Attraction, overeating, shame, overcompensation…
There is a common cycle for any addiction. It amounts to two basic things: binge and purge. You start by indulging and letting yourself go beyond any normal level of restraint. Then, you swear never to do it again and go to the other extreme of avoiding the substance completely. That is, until your extreme restraint breaks down and you let yourself go fully for another binge.
This is the cycle of addiction. It doesn’t matter if it’s food, drugs, or any other substance or experience. It’s a mindset of “all or nothing” with hard corrective measures followed by uncontrollable indulgence.
If you were to take the same approach when driving, it would look like this. Anytime the car got near to the edge of the lane, you would overcorrect hard to bring it back. This is the white-knuckle driving you commonly see with someone who is just learning how to drive. There is tension and lots of overcorrection just trying to stay in the lane. It can cause an accident.
Compare that to a mature driver who is not so afraid of driving outside of the lane. If a mature driver notices the car drifting, he or she will not jerk the wheel back but will ease the car slowly back into the lane. A person sleeping in the back of the car would not even notice.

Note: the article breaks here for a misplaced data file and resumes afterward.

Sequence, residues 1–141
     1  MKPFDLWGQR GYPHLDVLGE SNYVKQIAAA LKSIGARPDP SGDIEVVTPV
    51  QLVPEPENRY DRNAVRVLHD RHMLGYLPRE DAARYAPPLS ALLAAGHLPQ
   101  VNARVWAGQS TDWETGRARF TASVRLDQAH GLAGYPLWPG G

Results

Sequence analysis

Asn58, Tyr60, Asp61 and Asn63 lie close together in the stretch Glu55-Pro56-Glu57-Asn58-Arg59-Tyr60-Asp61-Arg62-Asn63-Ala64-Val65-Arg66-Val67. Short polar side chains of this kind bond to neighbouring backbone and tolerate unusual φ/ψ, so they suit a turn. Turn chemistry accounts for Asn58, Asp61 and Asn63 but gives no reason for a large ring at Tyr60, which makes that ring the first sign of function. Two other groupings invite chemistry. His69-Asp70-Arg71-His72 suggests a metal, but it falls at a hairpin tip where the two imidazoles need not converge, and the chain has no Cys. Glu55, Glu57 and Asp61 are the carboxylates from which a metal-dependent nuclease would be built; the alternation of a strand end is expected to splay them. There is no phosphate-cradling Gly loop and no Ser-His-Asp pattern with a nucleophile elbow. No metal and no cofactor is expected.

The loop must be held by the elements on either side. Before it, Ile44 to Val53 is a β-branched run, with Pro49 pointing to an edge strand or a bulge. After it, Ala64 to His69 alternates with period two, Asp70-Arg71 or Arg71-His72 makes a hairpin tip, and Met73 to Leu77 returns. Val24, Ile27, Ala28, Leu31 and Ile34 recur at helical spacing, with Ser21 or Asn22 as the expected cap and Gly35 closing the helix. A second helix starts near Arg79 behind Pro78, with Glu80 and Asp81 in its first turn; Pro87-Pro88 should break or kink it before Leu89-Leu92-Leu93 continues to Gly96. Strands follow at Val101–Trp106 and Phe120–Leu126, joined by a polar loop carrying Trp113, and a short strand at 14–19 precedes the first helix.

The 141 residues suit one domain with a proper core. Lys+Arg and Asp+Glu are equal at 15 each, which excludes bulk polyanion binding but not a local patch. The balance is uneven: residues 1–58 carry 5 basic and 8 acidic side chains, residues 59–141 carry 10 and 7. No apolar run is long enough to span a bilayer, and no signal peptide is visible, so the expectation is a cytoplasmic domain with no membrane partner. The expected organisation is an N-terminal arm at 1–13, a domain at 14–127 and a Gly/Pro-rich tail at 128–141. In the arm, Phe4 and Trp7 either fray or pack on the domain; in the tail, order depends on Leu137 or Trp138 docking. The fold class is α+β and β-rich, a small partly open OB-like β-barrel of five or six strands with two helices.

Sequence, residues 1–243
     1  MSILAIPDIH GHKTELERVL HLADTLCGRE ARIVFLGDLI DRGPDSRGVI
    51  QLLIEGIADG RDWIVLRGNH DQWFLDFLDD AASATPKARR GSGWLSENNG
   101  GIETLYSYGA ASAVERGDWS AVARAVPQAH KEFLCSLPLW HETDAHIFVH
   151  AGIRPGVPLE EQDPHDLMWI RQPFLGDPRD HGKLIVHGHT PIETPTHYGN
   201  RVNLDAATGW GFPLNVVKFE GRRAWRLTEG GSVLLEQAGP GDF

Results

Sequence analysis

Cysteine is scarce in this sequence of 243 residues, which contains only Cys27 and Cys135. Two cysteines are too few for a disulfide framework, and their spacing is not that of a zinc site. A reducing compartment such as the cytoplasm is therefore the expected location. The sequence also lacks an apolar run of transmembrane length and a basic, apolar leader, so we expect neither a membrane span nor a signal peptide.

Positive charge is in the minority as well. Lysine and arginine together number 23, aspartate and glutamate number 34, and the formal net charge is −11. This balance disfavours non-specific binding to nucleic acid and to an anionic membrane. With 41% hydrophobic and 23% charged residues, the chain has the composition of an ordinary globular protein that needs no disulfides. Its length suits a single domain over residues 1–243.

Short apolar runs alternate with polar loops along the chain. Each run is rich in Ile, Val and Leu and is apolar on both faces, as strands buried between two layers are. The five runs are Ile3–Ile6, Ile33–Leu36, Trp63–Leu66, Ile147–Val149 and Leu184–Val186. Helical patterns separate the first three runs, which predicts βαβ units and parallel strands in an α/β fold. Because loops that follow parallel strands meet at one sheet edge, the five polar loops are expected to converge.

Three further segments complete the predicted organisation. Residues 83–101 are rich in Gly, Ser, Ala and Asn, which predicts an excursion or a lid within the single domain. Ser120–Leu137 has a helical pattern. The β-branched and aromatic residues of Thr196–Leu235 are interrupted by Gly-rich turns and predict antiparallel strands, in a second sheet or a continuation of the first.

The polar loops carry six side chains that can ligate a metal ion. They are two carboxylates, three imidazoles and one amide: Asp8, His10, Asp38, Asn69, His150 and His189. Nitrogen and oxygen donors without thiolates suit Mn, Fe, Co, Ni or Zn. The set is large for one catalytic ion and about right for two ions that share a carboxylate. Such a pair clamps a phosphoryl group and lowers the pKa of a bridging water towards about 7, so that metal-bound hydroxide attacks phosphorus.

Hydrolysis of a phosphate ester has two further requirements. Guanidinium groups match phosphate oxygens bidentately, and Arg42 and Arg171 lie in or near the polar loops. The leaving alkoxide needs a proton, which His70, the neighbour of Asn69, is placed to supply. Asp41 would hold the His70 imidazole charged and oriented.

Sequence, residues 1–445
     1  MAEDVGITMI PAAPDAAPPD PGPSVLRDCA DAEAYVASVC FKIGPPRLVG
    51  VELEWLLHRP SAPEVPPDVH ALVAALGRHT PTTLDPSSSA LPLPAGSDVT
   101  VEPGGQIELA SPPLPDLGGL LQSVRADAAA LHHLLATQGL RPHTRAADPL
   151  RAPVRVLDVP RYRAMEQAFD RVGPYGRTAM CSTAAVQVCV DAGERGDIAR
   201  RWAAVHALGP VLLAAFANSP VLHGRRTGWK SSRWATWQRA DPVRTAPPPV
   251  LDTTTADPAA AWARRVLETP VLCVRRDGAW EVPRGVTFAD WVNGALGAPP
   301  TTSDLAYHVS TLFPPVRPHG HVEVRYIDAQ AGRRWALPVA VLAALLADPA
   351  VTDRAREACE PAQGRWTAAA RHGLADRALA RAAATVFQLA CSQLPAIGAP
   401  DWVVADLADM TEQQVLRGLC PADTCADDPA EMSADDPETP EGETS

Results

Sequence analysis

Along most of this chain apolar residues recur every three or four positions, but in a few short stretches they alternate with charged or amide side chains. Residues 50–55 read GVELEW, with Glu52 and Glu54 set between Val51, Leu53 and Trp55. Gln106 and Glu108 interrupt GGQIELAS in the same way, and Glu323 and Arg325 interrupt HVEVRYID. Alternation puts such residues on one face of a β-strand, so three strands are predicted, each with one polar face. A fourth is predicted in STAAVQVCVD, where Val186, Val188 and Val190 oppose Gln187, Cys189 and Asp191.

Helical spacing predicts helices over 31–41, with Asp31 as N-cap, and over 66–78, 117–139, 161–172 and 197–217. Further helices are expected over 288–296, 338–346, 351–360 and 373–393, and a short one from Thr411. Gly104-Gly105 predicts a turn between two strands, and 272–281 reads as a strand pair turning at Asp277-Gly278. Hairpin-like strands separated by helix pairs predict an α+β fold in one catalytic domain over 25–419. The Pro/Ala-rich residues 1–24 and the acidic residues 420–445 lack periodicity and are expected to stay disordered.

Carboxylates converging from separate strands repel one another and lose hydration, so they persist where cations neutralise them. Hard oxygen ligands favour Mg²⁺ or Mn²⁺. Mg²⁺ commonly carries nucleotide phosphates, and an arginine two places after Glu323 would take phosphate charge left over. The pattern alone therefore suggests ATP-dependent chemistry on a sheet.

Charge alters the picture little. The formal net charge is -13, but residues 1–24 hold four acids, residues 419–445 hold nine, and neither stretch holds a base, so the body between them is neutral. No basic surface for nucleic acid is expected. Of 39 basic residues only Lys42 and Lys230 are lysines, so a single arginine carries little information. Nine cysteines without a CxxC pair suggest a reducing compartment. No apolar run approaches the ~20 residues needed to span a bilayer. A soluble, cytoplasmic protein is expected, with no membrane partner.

This is because the driver is aware of the drifting but is not reactive. He or she only makes enough correction to send the car back to the middle of the lane. In fact, the mature driver sees this as a normal part of driving. There is a natural weaving back and forth as the car moves along.
Instead of reacting and saying, “I don’t every want to overeat again!” a more mature approach would look like, “Oh, I just ate too much. Good to notice. Let me find my balance again.” There is no shame in it. There are no extreme measures taken, just a simple course correction.
But of course that is easy to think about in theory. How do you do it in reality?
What causes the reactivity and overcorrection is the mind’s attachment to a belief. It may be something like this, “It’s not okay to be overweight.” As long as the mind is believing this, it HAS to overcorrect. It reacts out of fear as soon as it sees what is happening.
But when this same thought is questioned and turned around (you have to go through the experience of doing this work), then the mind doesn’t see the natural fluctuations in weight to be a bad thing. There are no extreme measures that need to be taken. It’s okay to just be out of the lane for a bit, gradually moving back towards balance.
As long as you think being overweight is bad, you cannot be rational about moving back to balance. You have to be extreme. And that is what keeps the cycle of addiction going.
Join me for The Work 101 course, a course in stress management through the process of questioning what you often unconsciously believe. As you become more conscious, you become more mature. And in maturity comes balance.